4.601e-01 1.189e-01]


We can print the features for these labels with the help of following command −

print(features)


This will give the following output −

[2.057e+01 1.777e+01 1.329e+02 1.326e+03 8.474e-02 7.864e-02 8.690e-02
7.017e-02  1.812e-01 5.667e-02 5.435e-01 7.339e-01 3.398e+00 7.408e+01
5.225e-03  1.308e-02 1.860e-02 1.340e-02 1.389e-02 3.532e-03 2.499e+01
2.341e+01  1.588e+02 1.956e+03 1.238e-01 1.866e-01 2.416e-01 1.860e-01
2.750e-01  8.902e-02]


Step 3: Organizing data into training & testing sets

As we need to test our model on unseen data, we will divide our dataset into two parts: a training set and a test set. We can use train_test_split() function of sklearn python package to split the data into sets. The following command will import the function −

from sklearn.model_selection import train_test_split


Now, next command will split the data into training & testing data. In this example, we are using taking 40 percent of the data for testing purpose and 60 percent of the data for training purpose −

train, test, train_labels, test_labels =
train_test_split(features,labels,test_size = 0.40, random_state = 42)


Step 4: Model evaluation

After dividing the data into training and testing we need to build the model. We will be using Naïve Bayes algorithm for this purpose. The following commands will import the GaussianNB module −

from sklearn.naive_bayes import GaussianNB


Now, initialize the model as follows −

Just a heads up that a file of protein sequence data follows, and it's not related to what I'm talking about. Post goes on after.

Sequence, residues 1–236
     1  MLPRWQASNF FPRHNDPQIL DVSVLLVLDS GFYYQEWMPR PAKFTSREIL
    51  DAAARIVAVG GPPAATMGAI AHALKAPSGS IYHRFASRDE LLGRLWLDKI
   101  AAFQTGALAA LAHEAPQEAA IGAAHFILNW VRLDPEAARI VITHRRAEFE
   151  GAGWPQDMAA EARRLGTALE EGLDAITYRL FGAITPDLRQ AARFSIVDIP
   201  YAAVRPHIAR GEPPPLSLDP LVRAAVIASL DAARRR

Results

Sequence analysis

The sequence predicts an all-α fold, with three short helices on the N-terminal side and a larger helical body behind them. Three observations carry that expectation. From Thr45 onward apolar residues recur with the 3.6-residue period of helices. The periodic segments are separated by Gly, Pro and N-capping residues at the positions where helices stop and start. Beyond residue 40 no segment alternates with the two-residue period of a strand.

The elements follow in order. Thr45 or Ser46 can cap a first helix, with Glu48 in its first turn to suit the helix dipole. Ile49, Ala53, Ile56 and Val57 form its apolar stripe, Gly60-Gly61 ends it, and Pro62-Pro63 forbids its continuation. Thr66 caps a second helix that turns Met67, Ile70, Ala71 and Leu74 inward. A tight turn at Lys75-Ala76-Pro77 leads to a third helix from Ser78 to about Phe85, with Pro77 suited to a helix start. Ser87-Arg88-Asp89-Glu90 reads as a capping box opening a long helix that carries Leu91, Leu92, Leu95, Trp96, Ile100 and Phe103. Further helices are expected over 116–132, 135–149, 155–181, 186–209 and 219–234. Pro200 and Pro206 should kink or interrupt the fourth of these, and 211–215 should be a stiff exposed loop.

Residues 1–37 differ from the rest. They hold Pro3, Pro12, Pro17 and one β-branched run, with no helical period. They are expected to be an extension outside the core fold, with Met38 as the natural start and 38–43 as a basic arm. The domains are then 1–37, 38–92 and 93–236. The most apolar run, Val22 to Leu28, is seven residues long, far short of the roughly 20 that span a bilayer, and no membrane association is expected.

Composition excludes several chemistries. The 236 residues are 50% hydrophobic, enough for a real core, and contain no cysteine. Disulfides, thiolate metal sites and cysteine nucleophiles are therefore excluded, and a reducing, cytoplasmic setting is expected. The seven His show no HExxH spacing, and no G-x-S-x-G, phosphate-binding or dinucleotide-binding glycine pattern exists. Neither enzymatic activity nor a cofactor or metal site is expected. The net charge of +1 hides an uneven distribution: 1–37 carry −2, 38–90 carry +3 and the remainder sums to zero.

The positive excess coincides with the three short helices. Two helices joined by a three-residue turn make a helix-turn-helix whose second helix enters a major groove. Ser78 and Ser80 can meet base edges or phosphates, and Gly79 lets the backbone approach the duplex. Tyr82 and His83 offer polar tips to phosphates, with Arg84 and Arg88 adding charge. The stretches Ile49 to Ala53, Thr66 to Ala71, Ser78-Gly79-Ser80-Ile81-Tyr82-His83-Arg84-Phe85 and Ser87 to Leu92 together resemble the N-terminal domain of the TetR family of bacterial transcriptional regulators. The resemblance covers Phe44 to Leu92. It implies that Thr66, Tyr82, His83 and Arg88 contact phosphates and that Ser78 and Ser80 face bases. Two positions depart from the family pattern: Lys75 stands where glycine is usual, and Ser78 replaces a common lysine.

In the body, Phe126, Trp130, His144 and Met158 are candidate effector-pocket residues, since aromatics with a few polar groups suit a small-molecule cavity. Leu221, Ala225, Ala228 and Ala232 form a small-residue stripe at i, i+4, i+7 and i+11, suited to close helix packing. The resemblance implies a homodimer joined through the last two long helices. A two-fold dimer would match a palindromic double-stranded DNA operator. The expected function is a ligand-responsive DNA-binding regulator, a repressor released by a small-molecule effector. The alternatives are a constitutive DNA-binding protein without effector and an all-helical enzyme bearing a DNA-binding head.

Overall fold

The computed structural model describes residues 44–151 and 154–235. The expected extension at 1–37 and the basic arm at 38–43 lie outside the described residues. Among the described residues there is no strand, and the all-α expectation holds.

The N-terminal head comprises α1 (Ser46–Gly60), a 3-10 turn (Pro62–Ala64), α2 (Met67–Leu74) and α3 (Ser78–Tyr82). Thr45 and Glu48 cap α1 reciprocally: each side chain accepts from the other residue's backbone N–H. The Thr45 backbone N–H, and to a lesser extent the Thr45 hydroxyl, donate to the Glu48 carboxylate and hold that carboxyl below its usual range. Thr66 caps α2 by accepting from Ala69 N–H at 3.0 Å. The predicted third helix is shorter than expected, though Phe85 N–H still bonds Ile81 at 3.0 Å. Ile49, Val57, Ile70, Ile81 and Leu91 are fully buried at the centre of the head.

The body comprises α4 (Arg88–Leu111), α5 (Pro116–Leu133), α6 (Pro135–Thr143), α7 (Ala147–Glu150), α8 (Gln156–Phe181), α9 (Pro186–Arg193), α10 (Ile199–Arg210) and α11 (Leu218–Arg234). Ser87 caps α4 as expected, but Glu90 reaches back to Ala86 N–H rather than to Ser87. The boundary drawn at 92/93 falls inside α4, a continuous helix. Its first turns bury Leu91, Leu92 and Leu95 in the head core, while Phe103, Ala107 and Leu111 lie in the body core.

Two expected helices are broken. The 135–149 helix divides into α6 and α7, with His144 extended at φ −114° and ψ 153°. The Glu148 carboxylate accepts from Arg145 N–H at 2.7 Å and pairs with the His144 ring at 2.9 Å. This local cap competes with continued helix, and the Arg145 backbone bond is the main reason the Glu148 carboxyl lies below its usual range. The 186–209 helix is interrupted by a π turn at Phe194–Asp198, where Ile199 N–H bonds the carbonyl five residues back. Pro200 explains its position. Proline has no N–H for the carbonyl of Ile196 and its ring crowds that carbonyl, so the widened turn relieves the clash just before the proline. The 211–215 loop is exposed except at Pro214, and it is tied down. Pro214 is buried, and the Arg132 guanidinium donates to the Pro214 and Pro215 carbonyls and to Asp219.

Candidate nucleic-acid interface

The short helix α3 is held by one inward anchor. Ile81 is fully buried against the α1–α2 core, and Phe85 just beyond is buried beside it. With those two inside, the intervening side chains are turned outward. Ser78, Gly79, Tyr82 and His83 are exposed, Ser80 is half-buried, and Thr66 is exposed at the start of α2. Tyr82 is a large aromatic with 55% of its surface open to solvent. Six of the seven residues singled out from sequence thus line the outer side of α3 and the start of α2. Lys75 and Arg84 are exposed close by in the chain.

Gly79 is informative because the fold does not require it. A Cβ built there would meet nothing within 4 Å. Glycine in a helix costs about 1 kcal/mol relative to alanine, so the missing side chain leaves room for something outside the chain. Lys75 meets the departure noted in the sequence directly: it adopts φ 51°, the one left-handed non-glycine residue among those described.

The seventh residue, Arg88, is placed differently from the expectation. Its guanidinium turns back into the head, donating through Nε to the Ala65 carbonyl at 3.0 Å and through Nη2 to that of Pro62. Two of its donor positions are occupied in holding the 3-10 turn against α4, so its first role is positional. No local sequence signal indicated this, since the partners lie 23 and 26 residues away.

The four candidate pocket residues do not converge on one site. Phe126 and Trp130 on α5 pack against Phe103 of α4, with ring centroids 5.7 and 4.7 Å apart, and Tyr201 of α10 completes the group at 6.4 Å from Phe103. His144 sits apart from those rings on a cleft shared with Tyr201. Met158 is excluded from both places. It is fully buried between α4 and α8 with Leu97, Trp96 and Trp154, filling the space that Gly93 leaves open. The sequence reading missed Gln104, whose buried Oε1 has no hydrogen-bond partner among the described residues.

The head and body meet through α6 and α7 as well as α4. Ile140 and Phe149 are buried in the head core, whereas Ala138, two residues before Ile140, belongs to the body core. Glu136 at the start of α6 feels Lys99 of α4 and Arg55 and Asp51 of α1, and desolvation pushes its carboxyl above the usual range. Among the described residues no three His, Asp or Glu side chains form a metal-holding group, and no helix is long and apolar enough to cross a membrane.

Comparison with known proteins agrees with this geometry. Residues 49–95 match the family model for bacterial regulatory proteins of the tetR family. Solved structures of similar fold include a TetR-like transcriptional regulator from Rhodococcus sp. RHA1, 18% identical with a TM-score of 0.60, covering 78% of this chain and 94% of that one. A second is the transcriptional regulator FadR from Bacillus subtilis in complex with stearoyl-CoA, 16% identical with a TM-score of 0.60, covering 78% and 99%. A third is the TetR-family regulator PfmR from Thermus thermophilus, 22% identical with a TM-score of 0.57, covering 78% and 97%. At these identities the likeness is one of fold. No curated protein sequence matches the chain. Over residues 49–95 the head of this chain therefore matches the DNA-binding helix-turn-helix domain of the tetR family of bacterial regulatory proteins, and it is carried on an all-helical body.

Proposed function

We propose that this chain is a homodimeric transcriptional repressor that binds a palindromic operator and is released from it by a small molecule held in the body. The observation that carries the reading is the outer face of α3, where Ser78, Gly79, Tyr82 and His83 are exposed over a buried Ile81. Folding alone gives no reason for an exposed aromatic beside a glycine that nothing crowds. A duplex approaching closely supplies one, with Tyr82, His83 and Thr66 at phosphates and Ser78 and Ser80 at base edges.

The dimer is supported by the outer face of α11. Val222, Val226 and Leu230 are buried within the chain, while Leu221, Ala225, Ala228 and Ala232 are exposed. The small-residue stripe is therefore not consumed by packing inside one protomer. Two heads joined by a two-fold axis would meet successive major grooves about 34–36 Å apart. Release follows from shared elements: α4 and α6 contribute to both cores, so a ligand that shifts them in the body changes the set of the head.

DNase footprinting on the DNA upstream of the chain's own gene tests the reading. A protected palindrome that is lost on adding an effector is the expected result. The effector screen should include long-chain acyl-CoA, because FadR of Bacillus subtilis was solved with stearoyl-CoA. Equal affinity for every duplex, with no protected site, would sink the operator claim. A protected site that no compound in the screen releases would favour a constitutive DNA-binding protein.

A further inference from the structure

gnb = GaussianNB()


Next, with the help of following command we can train the model −

model = gnb.fit(train, train_labels)


Now, for evaluation purpose we need to make predictions. It can be done by using predict() function as follows −

preds = gnb.predict(test)
print(preds)


This will give the following output −

[1 0 0 1 1 0 0 0 1 1 1 0 1 0 1 0 1 1 1 0 1 1 0 1 1 1 1 1 1 0 1 1 1 1 1 1 0
1 0 1 1 0 1 1 1 1 1 1 1 1 0 0 1 1 1 1 1 0 0 1 1 0 0 1 1 1 0 0 1 1 0 0 1 0
1 1 1 1 1 1 0 1 1 0 0 0 0 0 1 1 1 1 1 1 1 1 0 0 1 0 0 1 0 0 1 1 1 0 1 1 0
1 1 0 0 0 1 1 1 0 0 1 1 0 1 0 0 1 1 0 0 0 1 1 1 0 1 1 0 0 1 0 1 1 0 1 0 0
1 1 1 1 1 1 1 0 0 1 1 1 1 1 1 1 1 1 1 1 1 0 1 1 1 0 1 1 0 1 1 1 1 1 1 0 0
0 1 1 0 1 0 1 1 1 1 0 1 1 0 1 1 1 0 1 0 0 1 1 1 1 1 1 1 1 0 1 1 1 1 1 0 1
0 0 1 1 0 1]


The above series of 0s and 1s in output are the predicted values for the Malignant and Benign tumor classes.

Step 5: Finding accuracy

We can find the accuracy of the model build in previous step by comparing the two arrays namely test_labels and preds. We will be using the accuracy_score() function to determine the accuracy.

from sklearn.metrics import accuracy_score
print(accuracy_score(test_labels,preds))
0.951754385965


The above output shows that NaïveBayes classifier is 95.17% accurate.

## Classification Evaluation Metrics

The job is not done even if you have finished implementation of your Machine Learning application or model. We must have to find out how effective our model is? There can be different evaluation metrics, but we must choose it carefully because the choice of metrics influences how the performance of a machine learning algorithm is measured and compared.

The following are some of the important classification evaluation metrics among which you can choose based upon your dataset and kind of problem −

## Confusion Matrix

• Confusion Matrix − It is the easiest way to measure the performance of a classification problem where the output can be of two or more type of classes.

## Various ML Classification Algorithms

The followings are some important ML classification algorithms −

• Logistic Regression
• Support Vector Machine (SVM)
• Decision Tree
• Naïve Bayes
• Random Forest

We will be discussing all these classification algorithms in detail in further chapters.

## Applications

Some of the most important applications of classification algorithms are as follows −

• Speech Recognition
• Handwriting Recognition
• Biometric Identification
• Document Classification